Nation and world news briefs

©Tribune News Service

Rudy Giuliani claims ‘no reason to believe’ his Ukraine contact is a Russian spy despite sanctions

NEW YORK — Rudy Giuliani claimed Friday he has seen “nothing” to back up the Trump administration’s conclusion that he worked alongside a seasoned Russian spy as part of his Ukraine-obsessed smear campaign against Joe Biden.

President Donald Trump’s own Treasury Department sanctioned ex-Ukrainian politician Andrii Derkach on Thursday for being “an active Russian agent” pushing “false and unsubstantiated” corruption claims about Biden in a bid to influence November’s election — but Giuliani begged to differ.

“No reason to believe that,” Giuliani said as part of lengthy text message exchange with the Daily News. “I know nothing that would support that conclusion.”

Giuliani, Trump’s personal attorney, has met at least three times with Derkach and boasted earlier this year about receiving information from the pro-Kremlin politician that he claimed proved Biden used the power of his vice presidency to help his son, Hunter, evade prosecution in Ukraine.

But Derkach’s entire scheme — including the release of a manipulated recording of a phone call between Biden and Ukraine’s former president — is part of Russia’s broader election interference plot to disparage the Democratic candidate and help Trump win reelection, according to the Treasury Department.

— New York Daily News

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2 former child welfare workers in AJ Freund case arrested, charged with child endangerment

CHICAGO — Two former state child welfare officials who were involved in an abuse investigation four months before 5-year-old AJ Freund’s tragic death were arrested Thursday, both facing felony charges.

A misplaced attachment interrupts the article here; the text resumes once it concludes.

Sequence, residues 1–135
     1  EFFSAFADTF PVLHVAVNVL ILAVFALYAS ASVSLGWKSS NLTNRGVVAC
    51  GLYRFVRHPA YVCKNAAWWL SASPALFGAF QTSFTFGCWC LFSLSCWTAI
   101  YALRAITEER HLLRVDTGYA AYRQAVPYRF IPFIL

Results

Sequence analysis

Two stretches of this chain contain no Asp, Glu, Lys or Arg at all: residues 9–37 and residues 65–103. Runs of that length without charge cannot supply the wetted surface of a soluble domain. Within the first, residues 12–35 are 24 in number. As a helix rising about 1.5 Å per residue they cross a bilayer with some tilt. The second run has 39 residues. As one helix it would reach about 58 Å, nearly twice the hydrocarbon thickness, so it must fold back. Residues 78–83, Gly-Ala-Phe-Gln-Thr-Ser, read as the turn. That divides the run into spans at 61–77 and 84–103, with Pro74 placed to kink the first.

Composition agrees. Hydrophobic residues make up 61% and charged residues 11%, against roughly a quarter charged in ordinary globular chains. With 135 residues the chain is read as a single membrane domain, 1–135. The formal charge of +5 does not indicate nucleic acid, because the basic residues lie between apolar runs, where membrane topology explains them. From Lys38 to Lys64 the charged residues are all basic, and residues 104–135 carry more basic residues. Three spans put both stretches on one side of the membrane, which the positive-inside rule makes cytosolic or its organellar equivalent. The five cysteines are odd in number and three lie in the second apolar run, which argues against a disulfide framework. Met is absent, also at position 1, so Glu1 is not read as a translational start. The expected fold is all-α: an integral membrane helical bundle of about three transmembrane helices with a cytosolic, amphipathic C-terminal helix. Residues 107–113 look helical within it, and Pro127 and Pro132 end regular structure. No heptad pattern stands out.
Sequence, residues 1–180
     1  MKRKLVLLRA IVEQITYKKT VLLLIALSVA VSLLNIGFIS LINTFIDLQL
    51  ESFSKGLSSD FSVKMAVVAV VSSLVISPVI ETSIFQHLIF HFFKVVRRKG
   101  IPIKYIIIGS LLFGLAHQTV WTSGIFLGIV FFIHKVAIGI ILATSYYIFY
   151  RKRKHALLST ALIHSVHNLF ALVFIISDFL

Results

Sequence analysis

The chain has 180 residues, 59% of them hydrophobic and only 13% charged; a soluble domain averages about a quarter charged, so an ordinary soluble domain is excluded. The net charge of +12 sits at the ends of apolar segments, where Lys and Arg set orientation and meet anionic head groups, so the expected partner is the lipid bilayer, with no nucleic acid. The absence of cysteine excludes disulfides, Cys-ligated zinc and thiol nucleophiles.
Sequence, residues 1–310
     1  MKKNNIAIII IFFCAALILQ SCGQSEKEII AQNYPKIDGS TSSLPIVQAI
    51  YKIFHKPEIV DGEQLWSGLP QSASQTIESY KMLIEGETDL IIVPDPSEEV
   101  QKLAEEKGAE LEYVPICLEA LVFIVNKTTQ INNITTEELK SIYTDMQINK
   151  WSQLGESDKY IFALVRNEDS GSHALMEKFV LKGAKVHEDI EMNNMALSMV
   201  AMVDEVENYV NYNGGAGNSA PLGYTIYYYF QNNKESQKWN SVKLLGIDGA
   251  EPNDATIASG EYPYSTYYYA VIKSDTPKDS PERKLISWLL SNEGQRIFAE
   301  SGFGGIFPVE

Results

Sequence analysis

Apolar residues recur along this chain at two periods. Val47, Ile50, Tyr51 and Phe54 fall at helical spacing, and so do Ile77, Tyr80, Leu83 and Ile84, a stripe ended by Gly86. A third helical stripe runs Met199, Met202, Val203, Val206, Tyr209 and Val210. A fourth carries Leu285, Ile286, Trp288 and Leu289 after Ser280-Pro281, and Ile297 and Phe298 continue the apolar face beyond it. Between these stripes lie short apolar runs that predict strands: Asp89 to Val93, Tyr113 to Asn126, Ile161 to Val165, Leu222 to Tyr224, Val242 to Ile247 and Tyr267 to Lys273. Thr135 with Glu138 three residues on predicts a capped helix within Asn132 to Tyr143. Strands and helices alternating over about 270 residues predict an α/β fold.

Carlos Acosta, an elected McHenry County board member, and his former supervisor, Andrew Polovin, are charged with endangering the life of a child and reckless conduct, records show.

Bail was set at $20,000 for each, according to the McHenry County sheriff’s office. Acosta, 54, of Woodstock, posted bond hours after his arrest. Polovin, 48, of Island Lake, had also bonded out by Friday morning, a sheriff’s office official said.

The men left the Illinois Department of Children and Family Services in December following a lengthy internal disciplinary process. DCFS officials have declined to say whether they were fired or voluntarily quit.

The employees, who both had about 25 years of agency experience, were reassigned to paid desk duty shortly after AJ was reported missing in April 2019. His body was found six days later in a shallow grave about 7 miles from his suburban Crystal Lake home.

His parents, Andrew Freund and JoAnn Cunningham, had a long history with DCFS and had temporarily lost custody of AJ after he was born with heroin in his body. Cunningham, 37, pleaded guilty to murder and was sentenced to 35 years in prison earlier this summer. Freund, 61, still awaits trial.

— Chicago Tribune